There’s a picture from my first day of school, fourth grade, that explains exactly why I got beat up. I’m wearing a brown plaid sweater; I have glasses, which no one had in fourth grade except kids who thought they were smarter than everyone else, and a briefcase.

A red flag to a grade school bully: “Oh, look at Mr. — uh, Mr. Briefcase, with his briefcase and everything. What you got in there? A picture of Mommy? I bet you got a picture of Mommy in there. Does your Mommy have a briefcase?"

“No. All I have are pencils and a Tom Swift book. I don’t have a picture of my mom.”

“Why, because she’s too ugly?”

And so on, with inexorable bully logic. I don’t remember the exact sequence of events, but the bully — who had marked me as Plump Dork Target, easy work — eventually knocked me down. And he was on crutches. There is no humiliation like holding up your briefcase as a shield while a kid leans on one crutch and hits you with the other. Yes, girls, I’m available!

For many, the first day of school has a little greasy squirt of doubt in the gut, wondering if you’ll sit next to Your Nemesis. To my relief, he was on the row up front by the door, which made it easy for the teacher to point to the exit he would take to go to the principal’s office.

The reason this event stuck in my memory? Aside from the pain and shame — not to mention the desire to seek revenge in some forum like a newspaper column someday that stops short of naming him because of libel laws? Because my mom always took a picture of me on the first day of school.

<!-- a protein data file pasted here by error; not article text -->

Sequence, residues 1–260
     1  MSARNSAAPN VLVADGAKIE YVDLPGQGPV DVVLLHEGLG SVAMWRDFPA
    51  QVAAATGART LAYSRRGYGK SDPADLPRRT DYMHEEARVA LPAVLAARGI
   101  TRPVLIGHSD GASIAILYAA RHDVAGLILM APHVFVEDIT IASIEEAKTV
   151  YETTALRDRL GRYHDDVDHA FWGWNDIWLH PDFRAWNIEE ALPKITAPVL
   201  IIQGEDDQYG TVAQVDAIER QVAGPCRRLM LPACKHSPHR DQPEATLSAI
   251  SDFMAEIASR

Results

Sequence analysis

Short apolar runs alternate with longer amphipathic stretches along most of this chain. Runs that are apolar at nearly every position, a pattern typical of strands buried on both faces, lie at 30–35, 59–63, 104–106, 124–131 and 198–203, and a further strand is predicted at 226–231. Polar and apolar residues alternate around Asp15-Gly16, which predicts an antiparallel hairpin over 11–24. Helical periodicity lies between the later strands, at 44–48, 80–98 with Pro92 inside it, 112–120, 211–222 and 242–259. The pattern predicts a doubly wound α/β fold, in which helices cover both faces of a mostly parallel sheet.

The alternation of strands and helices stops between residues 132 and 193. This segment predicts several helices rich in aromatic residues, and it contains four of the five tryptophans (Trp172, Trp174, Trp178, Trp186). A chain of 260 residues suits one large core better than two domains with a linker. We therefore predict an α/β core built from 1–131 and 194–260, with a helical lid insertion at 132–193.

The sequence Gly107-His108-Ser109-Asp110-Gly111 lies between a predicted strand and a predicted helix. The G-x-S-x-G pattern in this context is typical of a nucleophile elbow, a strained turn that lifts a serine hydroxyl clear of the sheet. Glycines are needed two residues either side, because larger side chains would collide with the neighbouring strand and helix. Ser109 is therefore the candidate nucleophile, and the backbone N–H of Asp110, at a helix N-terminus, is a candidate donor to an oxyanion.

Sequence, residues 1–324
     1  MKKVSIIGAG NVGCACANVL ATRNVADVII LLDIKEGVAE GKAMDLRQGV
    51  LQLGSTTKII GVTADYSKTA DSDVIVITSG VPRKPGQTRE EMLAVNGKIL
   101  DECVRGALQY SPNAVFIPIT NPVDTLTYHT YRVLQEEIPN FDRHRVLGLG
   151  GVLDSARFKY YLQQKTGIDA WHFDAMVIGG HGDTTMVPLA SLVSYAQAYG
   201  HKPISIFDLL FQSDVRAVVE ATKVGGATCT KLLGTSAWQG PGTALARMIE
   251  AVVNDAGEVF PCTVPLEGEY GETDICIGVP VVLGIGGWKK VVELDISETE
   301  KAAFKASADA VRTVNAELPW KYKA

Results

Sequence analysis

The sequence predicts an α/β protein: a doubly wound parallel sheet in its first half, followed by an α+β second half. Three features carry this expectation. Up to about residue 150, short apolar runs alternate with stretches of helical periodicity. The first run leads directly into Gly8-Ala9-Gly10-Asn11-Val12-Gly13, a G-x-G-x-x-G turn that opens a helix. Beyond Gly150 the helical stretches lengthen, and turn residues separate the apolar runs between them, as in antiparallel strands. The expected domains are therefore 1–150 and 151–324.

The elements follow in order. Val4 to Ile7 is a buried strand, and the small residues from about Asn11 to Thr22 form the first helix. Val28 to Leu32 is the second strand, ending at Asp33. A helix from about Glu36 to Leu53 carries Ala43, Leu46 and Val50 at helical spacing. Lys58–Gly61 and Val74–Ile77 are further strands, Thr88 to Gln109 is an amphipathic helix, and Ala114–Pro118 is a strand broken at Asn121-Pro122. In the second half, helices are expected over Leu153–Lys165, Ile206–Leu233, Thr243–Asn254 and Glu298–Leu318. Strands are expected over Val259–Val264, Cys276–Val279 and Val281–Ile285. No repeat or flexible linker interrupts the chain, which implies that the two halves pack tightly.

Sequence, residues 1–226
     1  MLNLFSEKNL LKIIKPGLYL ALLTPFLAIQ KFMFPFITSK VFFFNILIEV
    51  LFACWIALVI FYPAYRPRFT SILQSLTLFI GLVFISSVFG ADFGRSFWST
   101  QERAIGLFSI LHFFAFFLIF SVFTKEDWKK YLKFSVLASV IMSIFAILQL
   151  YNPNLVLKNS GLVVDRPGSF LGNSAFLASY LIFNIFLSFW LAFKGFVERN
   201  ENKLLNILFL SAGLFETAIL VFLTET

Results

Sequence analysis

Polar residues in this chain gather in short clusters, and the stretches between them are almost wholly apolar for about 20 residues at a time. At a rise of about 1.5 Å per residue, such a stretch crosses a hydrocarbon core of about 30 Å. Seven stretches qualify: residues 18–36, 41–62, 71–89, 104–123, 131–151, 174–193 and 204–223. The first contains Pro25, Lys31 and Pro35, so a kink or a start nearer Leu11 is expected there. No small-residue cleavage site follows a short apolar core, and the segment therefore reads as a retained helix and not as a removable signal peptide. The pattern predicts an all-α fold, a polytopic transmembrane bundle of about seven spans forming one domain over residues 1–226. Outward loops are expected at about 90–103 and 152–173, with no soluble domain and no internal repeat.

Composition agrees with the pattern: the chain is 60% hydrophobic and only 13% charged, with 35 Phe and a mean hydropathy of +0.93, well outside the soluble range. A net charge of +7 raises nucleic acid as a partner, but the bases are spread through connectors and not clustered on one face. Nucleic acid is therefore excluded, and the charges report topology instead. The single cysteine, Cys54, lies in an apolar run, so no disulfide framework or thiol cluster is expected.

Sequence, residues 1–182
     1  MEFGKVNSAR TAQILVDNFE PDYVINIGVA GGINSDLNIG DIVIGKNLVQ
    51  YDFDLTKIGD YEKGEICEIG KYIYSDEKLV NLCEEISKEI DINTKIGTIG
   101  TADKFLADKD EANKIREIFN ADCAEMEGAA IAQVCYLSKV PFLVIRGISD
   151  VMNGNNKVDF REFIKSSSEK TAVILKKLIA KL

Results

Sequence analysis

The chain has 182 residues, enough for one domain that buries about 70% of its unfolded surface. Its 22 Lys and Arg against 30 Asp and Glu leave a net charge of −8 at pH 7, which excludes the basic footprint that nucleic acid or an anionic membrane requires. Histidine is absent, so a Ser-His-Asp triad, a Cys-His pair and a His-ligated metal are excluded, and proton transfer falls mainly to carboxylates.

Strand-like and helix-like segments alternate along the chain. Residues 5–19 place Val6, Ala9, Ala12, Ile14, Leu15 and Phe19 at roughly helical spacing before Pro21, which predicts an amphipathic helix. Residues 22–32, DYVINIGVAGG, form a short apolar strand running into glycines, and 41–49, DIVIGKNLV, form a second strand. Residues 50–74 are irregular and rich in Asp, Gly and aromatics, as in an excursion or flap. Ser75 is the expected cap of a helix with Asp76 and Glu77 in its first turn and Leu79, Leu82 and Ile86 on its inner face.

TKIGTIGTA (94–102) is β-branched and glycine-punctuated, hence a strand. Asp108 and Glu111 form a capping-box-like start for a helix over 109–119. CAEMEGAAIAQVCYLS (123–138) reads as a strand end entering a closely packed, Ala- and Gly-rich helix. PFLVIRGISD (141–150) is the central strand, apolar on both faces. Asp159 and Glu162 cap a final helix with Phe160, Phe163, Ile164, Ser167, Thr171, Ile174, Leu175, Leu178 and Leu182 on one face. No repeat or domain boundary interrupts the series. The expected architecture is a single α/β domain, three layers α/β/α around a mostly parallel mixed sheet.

I do that for Daughter, too. Kindergarten: a brave kid with a bowl cut, ready for the world. Ready for the bus. Second grade: saucy expression, because she knew the drill, had it cold. Middle school: practiced smile hiding trepidation. High school: Must we?

The last year of high school: Glad this is the last time we’ll do this, gah. Yes, yes, there’s tradition, but c’mon.

You can print them out and make a 12-frame flip book in which it takes a second and a half for them to grow up to the point where they’re ready to fly.

Snap — like that.

So you make them stand in the same place and take the same picture, and you wonder if 30 years from now, they’ll look at an image and think, “I remember that backpack. I loved that one.”

I loved my briefcase, even if it set off the bully. Sure, he beat me up, but I’ll bet his arm was sore the next day. Ha! Served you right, John Lar —

Oh, right. Libel laws.